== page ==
Joe Sacco and I spent two years reporting from the poorest pockets of the United States for our book “Days of Destruction, Days of Revolt.” We went into our nation’s impoverished “sacrifice zones”—the first areas forced to kneel before the dictates of the marketplace—to show what happens when unfettered corporate capitalism and ceaseless economic expansion no longer have external impediments. We wanted to illustrate what unrestrained corporate exploitation does to families, communities and the natural world. We wanted to challenge the reigning ideology of globalization and laissez-faire capitalism to illustrate what life becomes when human beings and the ecosystem are ruthlessly turned into commodities to exploit until exhaustion or collapse. And we wanted to expose as impotent the formal liberal and governmental institutions that once made reform possible, institutions no longer equipped with enough authority to check the assault of corporate power.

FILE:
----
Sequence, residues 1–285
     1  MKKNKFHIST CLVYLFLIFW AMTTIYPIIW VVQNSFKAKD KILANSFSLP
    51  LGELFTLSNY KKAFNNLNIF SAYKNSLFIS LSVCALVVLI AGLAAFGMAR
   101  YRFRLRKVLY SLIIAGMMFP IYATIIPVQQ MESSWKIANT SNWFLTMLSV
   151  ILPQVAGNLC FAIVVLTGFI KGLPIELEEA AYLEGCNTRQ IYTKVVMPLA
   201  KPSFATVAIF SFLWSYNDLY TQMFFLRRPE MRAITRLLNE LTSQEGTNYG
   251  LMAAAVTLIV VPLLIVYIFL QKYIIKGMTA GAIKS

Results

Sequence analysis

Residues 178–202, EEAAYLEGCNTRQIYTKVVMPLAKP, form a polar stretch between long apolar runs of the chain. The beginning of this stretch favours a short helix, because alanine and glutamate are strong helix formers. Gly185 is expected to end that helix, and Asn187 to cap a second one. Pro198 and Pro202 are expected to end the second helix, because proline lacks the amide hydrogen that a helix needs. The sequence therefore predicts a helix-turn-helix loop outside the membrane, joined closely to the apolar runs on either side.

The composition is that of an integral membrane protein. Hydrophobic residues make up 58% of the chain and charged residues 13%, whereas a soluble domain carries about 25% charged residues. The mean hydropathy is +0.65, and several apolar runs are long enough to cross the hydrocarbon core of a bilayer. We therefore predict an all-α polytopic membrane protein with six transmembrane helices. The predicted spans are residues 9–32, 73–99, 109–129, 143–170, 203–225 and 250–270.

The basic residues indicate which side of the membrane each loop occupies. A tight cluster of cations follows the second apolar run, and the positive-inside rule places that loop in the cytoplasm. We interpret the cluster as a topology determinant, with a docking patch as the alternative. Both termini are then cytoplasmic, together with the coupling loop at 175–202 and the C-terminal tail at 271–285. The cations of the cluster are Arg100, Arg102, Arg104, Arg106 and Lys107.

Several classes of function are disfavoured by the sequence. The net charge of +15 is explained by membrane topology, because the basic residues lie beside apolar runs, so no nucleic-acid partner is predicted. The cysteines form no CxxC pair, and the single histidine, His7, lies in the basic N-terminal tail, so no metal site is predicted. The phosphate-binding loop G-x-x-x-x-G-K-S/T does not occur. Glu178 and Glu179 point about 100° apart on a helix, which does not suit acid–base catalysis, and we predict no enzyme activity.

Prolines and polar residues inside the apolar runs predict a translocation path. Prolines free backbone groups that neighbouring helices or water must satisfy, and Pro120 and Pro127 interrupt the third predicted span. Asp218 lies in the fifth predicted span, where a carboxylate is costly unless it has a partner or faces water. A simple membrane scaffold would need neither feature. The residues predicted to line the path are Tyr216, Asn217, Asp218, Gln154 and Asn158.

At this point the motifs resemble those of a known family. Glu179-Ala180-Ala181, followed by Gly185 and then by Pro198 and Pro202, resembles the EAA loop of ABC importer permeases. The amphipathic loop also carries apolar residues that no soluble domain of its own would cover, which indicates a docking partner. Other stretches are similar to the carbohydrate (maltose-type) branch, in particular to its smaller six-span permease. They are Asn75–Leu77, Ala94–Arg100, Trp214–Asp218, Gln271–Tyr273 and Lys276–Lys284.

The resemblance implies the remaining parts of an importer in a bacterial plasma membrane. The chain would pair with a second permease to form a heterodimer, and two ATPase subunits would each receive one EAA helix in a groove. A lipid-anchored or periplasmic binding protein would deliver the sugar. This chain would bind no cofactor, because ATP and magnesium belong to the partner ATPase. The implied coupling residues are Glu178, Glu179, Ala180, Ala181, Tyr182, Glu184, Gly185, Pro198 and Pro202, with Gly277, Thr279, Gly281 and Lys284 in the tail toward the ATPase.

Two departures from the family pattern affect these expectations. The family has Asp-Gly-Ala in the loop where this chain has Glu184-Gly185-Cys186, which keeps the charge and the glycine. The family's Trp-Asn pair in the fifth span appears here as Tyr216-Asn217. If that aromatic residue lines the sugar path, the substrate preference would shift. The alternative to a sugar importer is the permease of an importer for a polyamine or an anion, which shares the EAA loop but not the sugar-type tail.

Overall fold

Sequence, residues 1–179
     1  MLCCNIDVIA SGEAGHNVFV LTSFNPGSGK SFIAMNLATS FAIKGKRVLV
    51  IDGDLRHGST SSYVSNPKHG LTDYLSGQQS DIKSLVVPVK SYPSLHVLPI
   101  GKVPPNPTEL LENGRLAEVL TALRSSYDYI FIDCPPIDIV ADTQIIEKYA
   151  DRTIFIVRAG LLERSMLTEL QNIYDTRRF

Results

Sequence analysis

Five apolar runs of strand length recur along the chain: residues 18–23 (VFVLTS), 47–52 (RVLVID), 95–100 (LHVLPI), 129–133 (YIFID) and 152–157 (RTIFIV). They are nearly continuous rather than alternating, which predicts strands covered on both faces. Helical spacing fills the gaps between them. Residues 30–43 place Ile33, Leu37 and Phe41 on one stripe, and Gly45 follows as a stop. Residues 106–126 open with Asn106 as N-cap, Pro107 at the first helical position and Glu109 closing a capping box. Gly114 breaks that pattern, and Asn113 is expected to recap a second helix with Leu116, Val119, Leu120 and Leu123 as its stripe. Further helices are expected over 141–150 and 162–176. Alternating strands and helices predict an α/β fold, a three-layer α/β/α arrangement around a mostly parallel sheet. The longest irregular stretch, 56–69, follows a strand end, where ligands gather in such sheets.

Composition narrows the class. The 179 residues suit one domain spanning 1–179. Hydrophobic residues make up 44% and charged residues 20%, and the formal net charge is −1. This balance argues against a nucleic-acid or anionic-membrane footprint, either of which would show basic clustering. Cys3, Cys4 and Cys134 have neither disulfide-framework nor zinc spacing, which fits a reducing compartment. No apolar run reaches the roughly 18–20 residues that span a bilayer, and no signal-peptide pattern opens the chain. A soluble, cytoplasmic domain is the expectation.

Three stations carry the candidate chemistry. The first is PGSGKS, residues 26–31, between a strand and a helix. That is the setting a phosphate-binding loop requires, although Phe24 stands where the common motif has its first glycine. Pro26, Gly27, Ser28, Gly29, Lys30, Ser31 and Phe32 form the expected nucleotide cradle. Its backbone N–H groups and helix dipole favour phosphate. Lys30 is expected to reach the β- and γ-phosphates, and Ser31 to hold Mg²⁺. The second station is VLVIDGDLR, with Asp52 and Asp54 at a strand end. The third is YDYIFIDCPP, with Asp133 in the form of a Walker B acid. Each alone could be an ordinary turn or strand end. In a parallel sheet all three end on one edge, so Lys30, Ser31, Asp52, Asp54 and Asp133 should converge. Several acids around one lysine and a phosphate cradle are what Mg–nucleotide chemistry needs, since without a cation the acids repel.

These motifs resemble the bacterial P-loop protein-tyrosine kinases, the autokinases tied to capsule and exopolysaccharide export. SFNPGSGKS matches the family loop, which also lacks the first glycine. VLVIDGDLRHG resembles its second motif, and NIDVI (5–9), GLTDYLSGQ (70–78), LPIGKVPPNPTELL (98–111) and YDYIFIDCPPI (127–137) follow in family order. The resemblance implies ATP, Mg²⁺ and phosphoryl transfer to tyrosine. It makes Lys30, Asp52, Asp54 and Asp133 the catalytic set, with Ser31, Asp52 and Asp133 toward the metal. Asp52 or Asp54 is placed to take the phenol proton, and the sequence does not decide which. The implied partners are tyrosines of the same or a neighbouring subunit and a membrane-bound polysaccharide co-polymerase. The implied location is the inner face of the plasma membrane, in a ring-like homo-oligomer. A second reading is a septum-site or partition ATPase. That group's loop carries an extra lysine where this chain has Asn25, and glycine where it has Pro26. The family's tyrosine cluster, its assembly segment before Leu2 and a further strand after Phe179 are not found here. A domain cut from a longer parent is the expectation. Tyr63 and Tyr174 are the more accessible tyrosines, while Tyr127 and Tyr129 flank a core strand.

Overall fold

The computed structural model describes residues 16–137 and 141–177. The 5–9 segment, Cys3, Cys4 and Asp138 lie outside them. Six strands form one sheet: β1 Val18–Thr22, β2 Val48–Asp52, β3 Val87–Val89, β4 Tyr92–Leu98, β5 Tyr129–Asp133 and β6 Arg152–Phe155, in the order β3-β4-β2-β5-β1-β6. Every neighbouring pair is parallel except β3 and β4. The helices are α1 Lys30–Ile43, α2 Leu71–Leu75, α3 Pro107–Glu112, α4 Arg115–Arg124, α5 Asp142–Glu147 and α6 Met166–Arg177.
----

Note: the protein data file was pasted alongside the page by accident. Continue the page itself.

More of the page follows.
What has taken place in these sacrifice zones—in postindustrial cities such as Camden, N.J., and Detroit, in coalfields of southern West Virginia where mining companies blast off mountaintops, in Indian reservations where the demented project of limitless economic expansion and exploitation worked some of its earliest evil, and in produce fields where laborers often endure conditions that replicate slavery—is now happening to much of the rest of the country. These sacrifice zones succumbed first. You and I are next.